Specialty sees increase in ad and subscription rev: report

Plus, VOD subscription revenue, which includes subscription services like CraveTV and Netflix, went down more than 9%.

The CRTC’s 2016 statistical and financial summary showed a varied story for Canada’s non-conventional TV services.

On one hand, specialty television proved to be profitable with sizable increases in advertising and subscriptions. However, pay-per-view saw a slight reduction in revenue, while video-on-demand continued to run an operating loss.


Specialty television services saw a 5% increase in revenue for 2016, according to the report. Those services brought in approximately $3.9 billion, with the bulk of its revenue coming from residential/bulk/SMATV (satellite master antenna TV) subscriptions ($1.7 billion) and national advertising ($1.3 billion).

National advertising on specialty saw a particularly large increase in revenue (up 9.2% from the previous year) after two years of moderate declines (down 3.4% in 2014 and decreasing 1.8% in 2015). Bulk subscriptions were up 4.4%.

For expenses, a 7.8% reduction in staff count resulted in a 5.2% reduction in salaries paid out in 2016 (totalling $397.8 million). Average salary rose slightly, (2.8%) to $78,606.

Programming and production expenses went up 7.7% to $2.1 billion. Of those expenses, $1.6 billion were specifically put toward Canadian productions.

The combination of revenue and expenses brought in a total operating income of $995.4 million, with a 27% profit margin, on par with 2015′s.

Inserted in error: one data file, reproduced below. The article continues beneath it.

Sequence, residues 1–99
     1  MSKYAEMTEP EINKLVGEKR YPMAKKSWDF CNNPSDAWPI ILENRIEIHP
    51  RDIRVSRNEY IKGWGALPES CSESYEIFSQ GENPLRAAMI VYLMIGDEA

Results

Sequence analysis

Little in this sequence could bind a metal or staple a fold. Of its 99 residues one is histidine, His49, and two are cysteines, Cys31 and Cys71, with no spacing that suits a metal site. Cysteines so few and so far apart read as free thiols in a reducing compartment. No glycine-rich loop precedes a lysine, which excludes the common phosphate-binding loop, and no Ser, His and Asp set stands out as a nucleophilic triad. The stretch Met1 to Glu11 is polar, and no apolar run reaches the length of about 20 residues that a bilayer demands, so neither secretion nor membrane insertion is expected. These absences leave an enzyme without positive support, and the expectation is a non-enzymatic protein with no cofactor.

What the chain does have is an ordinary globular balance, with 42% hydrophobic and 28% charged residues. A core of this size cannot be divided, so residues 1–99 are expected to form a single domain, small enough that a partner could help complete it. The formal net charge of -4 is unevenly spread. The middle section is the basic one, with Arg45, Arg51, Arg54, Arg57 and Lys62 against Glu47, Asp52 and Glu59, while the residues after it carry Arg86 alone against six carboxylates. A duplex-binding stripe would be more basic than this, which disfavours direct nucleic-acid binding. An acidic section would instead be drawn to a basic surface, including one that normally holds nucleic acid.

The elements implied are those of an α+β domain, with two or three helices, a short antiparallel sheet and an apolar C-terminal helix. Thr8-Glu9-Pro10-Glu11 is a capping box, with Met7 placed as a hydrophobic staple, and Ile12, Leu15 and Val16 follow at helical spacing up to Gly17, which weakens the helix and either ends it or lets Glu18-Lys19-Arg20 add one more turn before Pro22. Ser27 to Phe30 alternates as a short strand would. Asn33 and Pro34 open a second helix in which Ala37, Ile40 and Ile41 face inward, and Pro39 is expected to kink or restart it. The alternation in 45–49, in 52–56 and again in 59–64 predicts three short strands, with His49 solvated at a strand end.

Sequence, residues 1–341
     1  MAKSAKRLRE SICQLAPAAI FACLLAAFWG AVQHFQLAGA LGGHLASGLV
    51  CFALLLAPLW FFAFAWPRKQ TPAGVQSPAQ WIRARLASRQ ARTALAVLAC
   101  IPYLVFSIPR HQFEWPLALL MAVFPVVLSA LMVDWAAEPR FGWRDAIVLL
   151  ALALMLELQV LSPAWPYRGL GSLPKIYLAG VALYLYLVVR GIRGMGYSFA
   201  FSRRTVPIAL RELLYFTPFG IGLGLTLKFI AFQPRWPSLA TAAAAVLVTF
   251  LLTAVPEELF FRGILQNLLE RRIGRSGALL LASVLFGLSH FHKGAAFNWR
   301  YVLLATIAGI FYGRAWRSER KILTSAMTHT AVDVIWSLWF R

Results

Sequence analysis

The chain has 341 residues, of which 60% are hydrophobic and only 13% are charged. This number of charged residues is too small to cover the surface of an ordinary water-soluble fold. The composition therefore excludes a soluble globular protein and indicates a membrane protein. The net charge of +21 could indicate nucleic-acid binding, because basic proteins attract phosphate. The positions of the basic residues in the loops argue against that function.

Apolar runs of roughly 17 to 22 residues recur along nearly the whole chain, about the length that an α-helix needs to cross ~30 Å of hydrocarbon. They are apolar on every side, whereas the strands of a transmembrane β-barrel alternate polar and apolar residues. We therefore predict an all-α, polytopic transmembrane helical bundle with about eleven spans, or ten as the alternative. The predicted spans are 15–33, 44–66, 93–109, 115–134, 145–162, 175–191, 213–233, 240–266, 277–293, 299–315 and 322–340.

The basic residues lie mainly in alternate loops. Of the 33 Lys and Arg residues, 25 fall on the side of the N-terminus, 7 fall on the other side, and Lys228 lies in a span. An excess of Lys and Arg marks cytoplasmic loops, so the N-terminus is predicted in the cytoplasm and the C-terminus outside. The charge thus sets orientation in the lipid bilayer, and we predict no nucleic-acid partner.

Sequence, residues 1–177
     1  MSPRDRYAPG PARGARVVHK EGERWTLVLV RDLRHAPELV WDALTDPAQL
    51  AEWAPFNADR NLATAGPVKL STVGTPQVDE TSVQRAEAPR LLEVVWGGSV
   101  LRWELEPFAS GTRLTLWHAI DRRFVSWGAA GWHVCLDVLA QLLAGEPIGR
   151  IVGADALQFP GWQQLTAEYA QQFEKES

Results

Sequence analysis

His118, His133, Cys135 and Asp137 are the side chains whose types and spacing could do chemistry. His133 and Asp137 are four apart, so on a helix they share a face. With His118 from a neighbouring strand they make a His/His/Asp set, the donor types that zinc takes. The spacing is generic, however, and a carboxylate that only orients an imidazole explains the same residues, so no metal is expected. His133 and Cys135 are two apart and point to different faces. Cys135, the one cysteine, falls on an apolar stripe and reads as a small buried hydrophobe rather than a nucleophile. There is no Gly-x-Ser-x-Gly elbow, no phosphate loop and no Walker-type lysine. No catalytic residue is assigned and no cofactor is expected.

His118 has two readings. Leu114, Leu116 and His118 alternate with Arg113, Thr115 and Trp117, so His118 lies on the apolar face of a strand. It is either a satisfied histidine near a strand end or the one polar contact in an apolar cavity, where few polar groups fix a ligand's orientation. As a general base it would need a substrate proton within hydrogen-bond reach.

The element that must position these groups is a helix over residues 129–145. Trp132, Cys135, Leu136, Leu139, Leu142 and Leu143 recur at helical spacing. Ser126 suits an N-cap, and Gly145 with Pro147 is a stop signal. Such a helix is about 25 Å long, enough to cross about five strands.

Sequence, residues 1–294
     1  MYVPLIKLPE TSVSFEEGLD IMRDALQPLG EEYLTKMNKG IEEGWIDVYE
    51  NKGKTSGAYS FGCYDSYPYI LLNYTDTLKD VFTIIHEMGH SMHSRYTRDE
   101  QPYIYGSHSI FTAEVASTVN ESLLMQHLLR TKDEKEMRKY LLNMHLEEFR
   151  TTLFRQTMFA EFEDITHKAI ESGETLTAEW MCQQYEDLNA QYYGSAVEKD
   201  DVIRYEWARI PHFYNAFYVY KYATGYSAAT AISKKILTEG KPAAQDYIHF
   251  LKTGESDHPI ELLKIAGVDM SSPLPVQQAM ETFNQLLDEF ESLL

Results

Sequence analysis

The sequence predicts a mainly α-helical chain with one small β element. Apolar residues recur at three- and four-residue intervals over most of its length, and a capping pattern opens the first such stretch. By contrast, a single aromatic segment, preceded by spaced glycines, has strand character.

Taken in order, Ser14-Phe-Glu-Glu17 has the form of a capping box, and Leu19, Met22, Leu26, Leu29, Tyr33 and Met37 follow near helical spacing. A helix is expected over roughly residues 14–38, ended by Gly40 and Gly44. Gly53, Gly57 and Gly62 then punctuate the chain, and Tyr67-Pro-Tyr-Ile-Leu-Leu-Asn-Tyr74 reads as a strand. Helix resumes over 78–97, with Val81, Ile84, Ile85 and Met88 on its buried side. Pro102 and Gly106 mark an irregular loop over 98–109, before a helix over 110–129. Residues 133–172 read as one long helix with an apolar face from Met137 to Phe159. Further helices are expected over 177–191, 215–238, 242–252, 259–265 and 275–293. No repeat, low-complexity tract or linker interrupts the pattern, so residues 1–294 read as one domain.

Video on demand

VOD services — which include subscription services such as Netflix and CraveTV, as well as transactional services and ad-supported VODs — brought in less revenue in 2016 than in previous years ($230.6 million, down 9.4%). The industry also posted another consecutive loss, with a pre-tax profit of negative $26.6 million.

While many SVODs do not have advertising, a total of $39,588 was brought in from local advertising revenue on VOD in 2016 (none from national ads). This represented a sharp decrease from the year before, which saw $67,262 from local ads. Most of the VOD revenue came from subscriptions, which, at $230.5 million for the year, decreased by 9.3%.

Programming expenses went down 9.3% ($174.7 million), with Canadian-specific programming taking the even bigger dip of 14.3% ($18.7 million).


Pay-per-view services brought in no revenue from advertising, however its revenue (which mostly came from subscriptions) came to $87.8 million (a 7.7% drop from 2015). At the same time, programming expenses went down 28.15% ($66.2 million).

Canadian programming came to just under $7 million, which was a 55.6% decrease from the previous year (however, the year before had boasted irregularly high Canadian programming expenses and had been a 163% increase over 2014).

Last year saw pay-per-view provider Super Channel’s parent company Allacro file for creditor protection and, as a result, terminate a number of production agreements. This included the big-budget Versailles, which first went into production in 2015 (Versailles will move to conventional this fall on City).

A total of 36 staff members continue to work in the pay-per-view industry, with an average salary of $100,517 (up 0.1% from 2015).


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